This past weekend I visited Artisan’s Asylum in Somerville during their open studios.  Artisan’s Asylum is a 501(c)3 non-profit community fabrication center that empowers individuals to give form to their ideas through membership, education, and workspace.  It is essentially a huge MakerSpace full of amazingly creative and brilliant people.  I am always inspired when I leave Artisan’s Asylum.  They house makers and tools of all sorts but also offer classes in a range of topics, including the following:

During this particular visit I saw a machine that 3D printed pancake batter onto a griddle for making intricately-designed pancakes.

I visited the booth of Skunkadelia, maker of steel sculpture robots.

I browsed tables set up by local artisan’s, displaying their 3D-printed and laser-cut crafts.

I visited CNC Furniture Factory’s studio, where a custom-designed pop-up snack shop housed in a musician’s road case-like box  was being assembled.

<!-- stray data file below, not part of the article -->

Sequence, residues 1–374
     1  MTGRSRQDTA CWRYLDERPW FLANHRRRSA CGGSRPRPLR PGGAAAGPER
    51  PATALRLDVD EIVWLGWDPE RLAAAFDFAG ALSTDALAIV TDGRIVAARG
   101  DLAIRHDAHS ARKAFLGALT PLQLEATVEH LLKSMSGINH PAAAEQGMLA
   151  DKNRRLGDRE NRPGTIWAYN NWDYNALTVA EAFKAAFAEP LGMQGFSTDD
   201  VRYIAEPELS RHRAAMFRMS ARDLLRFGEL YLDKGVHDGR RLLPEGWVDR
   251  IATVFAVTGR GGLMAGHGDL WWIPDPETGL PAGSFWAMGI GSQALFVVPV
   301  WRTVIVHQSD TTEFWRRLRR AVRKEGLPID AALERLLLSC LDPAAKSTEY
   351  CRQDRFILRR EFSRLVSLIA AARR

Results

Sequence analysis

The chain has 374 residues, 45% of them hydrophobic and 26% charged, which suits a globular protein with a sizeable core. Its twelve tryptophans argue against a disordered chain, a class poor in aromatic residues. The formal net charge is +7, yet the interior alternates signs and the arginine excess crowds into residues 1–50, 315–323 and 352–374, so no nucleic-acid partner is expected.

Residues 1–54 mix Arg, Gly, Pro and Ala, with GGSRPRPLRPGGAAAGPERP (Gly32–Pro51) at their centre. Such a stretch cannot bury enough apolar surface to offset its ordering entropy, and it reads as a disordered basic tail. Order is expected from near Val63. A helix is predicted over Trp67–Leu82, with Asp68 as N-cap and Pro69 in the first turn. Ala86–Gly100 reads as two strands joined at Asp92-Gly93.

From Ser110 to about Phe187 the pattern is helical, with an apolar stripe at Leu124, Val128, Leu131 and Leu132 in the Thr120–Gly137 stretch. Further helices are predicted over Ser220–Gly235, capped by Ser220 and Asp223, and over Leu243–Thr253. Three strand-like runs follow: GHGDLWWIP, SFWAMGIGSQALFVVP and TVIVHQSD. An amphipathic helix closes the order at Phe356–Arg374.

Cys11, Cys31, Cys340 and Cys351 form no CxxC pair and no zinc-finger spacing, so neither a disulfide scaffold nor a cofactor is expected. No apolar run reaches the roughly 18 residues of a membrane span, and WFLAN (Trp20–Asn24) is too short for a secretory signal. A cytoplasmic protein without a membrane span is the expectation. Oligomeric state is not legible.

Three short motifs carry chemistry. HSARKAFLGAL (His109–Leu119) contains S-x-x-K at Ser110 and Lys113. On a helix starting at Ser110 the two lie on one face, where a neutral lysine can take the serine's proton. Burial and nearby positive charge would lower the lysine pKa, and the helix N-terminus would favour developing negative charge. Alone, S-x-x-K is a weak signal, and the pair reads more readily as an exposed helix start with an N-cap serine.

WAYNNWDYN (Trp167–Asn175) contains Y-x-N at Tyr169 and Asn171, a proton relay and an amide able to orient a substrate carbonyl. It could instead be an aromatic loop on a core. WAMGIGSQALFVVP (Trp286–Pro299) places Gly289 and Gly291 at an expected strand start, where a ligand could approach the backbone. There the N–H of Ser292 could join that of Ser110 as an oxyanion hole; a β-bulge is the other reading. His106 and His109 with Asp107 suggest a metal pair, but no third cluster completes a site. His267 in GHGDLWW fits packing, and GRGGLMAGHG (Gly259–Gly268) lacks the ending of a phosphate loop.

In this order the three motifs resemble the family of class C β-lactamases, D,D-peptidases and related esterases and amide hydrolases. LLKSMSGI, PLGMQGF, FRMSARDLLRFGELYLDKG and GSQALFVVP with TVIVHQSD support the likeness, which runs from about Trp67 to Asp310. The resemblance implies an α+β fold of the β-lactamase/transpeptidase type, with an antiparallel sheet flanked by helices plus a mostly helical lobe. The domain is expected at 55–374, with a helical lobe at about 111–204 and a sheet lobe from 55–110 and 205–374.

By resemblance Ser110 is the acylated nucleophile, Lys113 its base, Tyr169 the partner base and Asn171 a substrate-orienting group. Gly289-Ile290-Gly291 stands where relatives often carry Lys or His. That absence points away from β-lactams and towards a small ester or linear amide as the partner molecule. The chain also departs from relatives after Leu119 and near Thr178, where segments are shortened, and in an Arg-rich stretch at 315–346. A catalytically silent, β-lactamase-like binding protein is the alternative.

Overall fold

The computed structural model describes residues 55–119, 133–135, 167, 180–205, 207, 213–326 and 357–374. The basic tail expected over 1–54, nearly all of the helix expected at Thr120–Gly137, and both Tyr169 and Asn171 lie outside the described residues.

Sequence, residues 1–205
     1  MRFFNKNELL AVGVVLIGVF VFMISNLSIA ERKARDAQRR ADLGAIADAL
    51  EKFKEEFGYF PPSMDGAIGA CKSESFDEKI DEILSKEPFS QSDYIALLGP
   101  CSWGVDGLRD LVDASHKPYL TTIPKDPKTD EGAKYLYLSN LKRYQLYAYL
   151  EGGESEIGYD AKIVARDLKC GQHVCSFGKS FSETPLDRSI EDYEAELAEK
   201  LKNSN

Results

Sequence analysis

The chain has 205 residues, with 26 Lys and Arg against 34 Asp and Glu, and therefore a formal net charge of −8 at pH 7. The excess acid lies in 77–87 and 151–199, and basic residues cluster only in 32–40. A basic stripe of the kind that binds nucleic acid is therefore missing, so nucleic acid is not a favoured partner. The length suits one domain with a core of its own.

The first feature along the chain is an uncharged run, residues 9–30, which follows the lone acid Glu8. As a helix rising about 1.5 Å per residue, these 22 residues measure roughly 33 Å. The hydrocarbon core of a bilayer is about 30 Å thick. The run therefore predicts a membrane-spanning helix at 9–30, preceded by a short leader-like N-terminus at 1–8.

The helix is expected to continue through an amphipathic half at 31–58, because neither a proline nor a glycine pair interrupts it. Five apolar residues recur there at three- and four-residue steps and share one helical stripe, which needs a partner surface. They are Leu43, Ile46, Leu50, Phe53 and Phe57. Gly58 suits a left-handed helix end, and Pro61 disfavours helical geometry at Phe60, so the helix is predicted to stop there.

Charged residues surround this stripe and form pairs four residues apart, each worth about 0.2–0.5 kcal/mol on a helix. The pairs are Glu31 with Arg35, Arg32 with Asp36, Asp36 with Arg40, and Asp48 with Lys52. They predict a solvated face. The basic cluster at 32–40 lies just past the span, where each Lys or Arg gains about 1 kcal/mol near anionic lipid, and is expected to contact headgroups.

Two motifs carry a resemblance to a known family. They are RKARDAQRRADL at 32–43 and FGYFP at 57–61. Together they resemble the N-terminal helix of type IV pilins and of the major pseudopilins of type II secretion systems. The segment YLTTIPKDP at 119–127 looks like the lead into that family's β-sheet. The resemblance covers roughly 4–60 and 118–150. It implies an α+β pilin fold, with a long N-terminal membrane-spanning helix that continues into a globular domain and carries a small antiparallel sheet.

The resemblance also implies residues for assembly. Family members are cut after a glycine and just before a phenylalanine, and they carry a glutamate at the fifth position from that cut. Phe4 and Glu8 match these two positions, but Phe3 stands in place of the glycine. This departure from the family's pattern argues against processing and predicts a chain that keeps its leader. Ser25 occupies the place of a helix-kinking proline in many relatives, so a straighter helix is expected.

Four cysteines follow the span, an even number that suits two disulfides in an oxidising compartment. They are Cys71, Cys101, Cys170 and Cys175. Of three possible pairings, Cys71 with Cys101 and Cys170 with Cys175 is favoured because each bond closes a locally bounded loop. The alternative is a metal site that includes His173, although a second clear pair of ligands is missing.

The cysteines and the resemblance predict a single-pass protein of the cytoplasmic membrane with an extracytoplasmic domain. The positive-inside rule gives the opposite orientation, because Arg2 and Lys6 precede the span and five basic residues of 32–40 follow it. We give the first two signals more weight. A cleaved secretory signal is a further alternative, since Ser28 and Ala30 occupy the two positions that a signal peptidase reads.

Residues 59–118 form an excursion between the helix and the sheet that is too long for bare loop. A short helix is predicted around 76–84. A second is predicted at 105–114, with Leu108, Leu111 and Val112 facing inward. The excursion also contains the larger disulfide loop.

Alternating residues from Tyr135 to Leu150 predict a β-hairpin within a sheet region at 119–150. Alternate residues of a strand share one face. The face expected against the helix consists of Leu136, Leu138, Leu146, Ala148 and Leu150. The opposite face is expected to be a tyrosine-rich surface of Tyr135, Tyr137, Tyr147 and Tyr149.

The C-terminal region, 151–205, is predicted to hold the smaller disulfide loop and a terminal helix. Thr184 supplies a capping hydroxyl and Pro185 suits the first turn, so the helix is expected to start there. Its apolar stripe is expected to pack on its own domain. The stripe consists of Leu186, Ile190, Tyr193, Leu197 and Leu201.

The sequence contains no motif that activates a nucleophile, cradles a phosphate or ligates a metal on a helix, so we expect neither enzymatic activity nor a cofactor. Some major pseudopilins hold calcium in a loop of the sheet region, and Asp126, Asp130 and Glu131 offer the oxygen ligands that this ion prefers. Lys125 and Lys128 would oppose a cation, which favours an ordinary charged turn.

Lastly, I had an interesting conversation about integrating programming into curriculum with a gentleman who works with TEALS (Technology Education and Literacy in Schools).  TEALS, started in 2009 by Microsoft employee Kevin Wang and supported by Microsoft Philanthropies, helps high schools throughout the US build and grow sustainable computer science programs.  The organization exists to help classroom teachers learn how to teach CS and build a CS program at their school. Teachers from various content backgrounds work in partnership with TEALS volunteers to team-teach classes and prepare to teach CS on their own.

If you get the opportunity, I recommend that you visit Artisan’s Asylum for a free tour of the warehouse.  It’s impossible to leave this place without feeling inspired.

Check out the Artisan’s Asylum website to learn more.

And check out this Boston Globe article about Artisan’s Asylum, “an incubator for robots and the mad scientists who make them.”